A Publication of WTVP

With the economic health of our country in question, we have time to ponder how we spend our time and money. Our expenses, both in our personal lives and in business, tend to increase during good times. This is largely because the cash flow is positive, so expenses often receive less scrutiny than they should. There are several practical steps a telecom manager or CIO can take when assessing the health of their department.

  1. Conduct an audit of all services. This audit should include an inventory of all contracts, including equipment maintenance contracts, lines, circuits used for voice as well as those for data, internet provider, wireless plans and all other monthly commitments. When you complete this audit, your organization should have a better understanding of where your dollars are going on a monthly basis, as well as the purpose of each line and circuit. You may also find that you don’t use the internet to the full extent that you have purchased. You could save money by combining your telephone and data services into one circuit. These circuits are IP-based and allow users to share the bandwidth for both data and voice purchases. If you have never performed an audit of these services, the likelihood that you will find billing errors and waste is extremely high. It is usually time and effort well-spent to conduct a full services audit.
  2. Focus on wireless spending. This area of spending has ballooned over the last few years. With more users carrying PDAs and using text to communicate, there are many ways that old plans just don’t fit the profile anymore. Do an assessment of each user. Do not assume that what is working for Joe will be the same plan that Jane needs. Take time to assess the viability of key users going to shared-minute plans. Further, some employees carry the phone just to have in case of emergency. Check with your provider to see what the options are for pay-as-you-go minutes for users in this profile.
  3. Equipment maintenance. Many times customers will enact a maintenance agreement and then change equipment, but never go back to clean up the maintenance agreement. Look at the number of telephones that are under contract. Check the cost of used phones. It may be cheaper to hedge your bets and purchase a used phone when the current set fails than carrying maintenance on all of those endpoints. You may also find that your incident rate is low enough that maintenance on telephone sets is not a requirement. Be sure that the way your switch is built (for instance, the number of line and station cards) matches the configuration you are paying for in maintenance. Check with the company that supplies your equipment to see what their policies are regarding service for maintenance and non-maintenance customers before getting rid of your maintenance altogether. Some companies have similar response times for non-maintenance and maintenance customers, but others do not.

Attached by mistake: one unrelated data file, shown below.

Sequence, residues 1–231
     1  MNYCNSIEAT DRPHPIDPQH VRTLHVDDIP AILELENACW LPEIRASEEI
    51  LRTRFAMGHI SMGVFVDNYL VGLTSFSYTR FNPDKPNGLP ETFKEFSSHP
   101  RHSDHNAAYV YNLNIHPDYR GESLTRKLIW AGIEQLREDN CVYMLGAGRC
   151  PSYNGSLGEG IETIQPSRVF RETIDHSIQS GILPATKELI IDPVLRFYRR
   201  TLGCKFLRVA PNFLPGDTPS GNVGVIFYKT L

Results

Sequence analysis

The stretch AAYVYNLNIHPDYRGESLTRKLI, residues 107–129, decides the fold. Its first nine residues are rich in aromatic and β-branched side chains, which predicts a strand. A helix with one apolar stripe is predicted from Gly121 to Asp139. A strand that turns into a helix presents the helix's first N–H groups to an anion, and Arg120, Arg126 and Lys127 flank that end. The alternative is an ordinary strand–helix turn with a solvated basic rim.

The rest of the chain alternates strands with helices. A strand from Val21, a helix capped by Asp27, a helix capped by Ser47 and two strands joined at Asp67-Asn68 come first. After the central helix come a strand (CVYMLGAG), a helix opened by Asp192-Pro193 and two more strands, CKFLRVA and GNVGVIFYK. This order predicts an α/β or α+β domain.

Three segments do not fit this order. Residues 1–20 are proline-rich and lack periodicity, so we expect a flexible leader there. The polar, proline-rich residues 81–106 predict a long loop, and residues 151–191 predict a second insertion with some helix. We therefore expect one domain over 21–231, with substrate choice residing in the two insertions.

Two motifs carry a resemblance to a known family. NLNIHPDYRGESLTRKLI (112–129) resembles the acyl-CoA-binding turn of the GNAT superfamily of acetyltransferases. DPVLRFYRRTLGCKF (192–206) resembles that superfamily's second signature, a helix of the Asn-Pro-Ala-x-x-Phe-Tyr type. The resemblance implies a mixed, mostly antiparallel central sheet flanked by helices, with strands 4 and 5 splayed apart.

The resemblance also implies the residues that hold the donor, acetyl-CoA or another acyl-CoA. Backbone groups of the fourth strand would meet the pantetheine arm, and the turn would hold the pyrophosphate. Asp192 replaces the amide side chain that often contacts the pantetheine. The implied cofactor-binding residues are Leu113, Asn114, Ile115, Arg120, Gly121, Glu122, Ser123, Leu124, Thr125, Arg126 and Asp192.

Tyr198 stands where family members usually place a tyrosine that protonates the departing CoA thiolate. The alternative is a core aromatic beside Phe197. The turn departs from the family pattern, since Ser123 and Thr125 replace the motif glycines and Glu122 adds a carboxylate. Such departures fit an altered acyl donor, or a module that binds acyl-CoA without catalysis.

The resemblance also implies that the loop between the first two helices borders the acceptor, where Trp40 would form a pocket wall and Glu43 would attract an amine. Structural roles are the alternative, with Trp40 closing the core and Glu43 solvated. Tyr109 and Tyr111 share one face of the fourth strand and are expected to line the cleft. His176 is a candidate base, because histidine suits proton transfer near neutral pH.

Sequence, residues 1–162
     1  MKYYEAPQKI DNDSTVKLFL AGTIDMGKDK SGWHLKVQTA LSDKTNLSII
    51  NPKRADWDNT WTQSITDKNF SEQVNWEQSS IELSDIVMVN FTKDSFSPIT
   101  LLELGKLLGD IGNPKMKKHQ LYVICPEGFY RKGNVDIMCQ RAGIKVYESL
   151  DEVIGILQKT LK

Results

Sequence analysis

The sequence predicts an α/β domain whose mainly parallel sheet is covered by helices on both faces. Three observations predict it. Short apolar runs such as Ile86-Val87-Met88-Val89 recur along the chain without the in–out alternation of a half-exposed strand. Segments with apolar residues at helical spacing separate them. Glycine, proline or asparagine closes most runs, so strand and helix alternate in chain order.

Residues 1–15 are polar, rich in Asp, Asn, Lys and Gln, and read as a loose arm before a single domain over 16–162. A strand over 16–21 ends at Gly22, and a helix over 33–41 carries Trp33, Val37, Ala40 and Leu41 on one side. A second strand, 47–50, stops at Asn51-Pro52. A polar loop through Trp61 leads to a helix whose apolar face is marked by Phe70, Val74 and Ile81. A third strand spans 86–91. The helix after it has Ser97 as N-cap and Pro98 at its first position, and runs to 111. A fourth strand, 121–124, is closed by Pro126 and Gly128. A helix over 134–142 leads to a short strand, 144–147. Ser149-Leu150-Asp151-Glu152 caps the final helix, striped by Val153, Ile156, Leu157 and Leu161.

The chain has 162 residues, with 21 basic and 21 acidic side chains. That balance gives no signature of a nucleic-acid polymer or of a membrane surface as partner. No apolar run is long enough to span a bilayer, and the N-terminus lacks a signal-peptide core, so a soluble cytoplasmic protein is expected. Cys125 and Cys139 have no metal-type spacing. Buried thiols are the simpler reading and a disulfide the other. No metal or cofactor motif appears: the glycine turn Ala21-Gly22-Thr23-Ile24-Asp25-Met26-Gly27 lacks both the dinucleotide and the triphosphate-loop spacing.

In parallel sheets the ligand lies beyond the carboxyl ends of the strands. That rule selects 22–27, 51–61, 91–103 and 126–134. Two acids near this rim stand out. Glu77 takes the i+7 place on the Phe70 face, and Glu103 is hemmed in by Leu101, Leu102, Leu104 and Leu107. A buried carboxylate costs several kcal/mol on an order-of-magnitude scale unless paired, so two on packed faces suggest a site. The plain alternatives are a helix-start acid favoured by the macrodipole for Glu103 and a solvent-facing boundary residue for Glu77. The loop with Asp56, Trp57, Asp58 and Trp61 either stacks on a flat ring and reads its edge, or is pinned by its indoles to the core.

4. Contracts for monthly services. At this time, it will be particularly attractive to sign that long-term contract to reduce monthly costs. However, a five-year agreement is a risk, given the way technology changes. You may find yourself stuck in the middle of a contract term, unable to go anywhere. If there is no choice, make sure your contract allows for a technology-out clause stating that you can change to a different type of service within that same company without penalty. Additionally, be careful not to let contracts expire to where you will be paying the highest rate applied from the carrier for these lines and usage services.
  5. New office. If this new office is a remote office or secondary location and it is in beta until proven to be a viable location, look at using your existing telephone system and a small number of IP phones controlled by your main telephone system before purchasing stand-alone equipment for this location. Another alternative is to “rent” services from a hosted provider. This is a way to eliminate using a lot of your own capital up front while gaining many features at the remote location. It would be wise to reassess this location in no less than one year to ensure that you are not spending more money than you would have to to purchase equipment. However, if the office folds, you are not out anything but your monthly payment with that provider, and possibly some telephone sets that you can sell on Ebay or Craig’s List.

In short, take the time now to assess what your monthly expenditures include. Do not take for granted that you do not have waste. The way you did business even three to five years ago is probably very different from today. iBi